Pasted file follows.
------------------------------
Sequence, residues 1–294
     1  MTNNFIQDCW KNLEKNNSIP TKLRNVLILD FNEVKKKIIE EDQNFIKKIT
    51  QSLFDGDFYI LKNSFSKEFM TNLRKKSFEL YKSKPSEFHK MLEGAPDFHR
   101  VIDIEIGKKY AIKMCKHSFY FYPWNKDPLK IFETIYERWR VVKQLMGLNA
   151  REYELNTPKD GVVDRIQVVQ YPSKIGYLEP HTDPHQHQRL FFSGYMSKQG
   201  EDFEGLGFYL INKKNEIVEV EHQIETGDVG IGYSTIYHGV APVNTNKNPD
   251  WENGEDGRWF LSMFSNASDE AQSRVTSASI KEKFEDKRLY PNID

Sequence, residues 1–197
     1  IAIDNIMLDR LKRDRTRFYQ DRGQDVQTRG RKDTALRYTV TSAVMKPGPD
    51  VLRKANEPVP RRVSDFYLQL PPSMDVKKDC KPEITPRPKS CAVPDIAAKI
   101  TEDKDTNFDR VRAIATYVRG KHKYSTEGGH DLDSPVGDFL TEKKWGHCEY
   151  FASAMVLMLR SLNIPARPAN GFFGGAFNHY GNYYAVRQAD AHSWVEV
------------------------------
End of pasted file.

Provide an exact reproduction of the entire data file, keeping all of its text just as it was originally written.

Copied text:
Sequence, residues 1–294
     1  MTNNFIQDCW KNLEKNNSIP TKLRNVLILD FNEVKKKIIE EDQNFIKKIT
    51  QSLFDGDFYI LKNSFSKEFM TNLRKKSFEL YKSKPSEFHK MLEGAPDFHR
   101  VIDIEIGKKY AIKMCKHSFY FYPWNKDPLK IFETIYERWR VVKQLMGLNA
   151  REYELNTPKD GVVDRIQVVQ YPSKIGYLEP HTDPHQHQRL FFSGYMSKQG
   201  EDFEGLGFYL INKKNEIVEV EHQIETGDVG IGYSTIYHGV APVNTNKNPD
   251  WENGEDGRWF LSMFSNASDE AQSRVTSASI KEKFEDKRLY PNID

Sequence, residues 1–197
     1  IAIDNIMLDR LKRDRTRFYQ DRGQDVQTRG RKDTALRYTV TSAVMKPGPD
    51  VLRKANEPVP RRVSDFYLQL PPSMDVKKDC KPEITPRPKS CAVPDIAAKI
   101  TEDKDTNFDR VRAIATYVRG KHKYSTEGGH DLDSPVGDFL TEKKWGHCEY
   151  FASAMVLMLR SLNIPARPAN GFFGGAFNHY GNYYAVRQAD AHSWVEV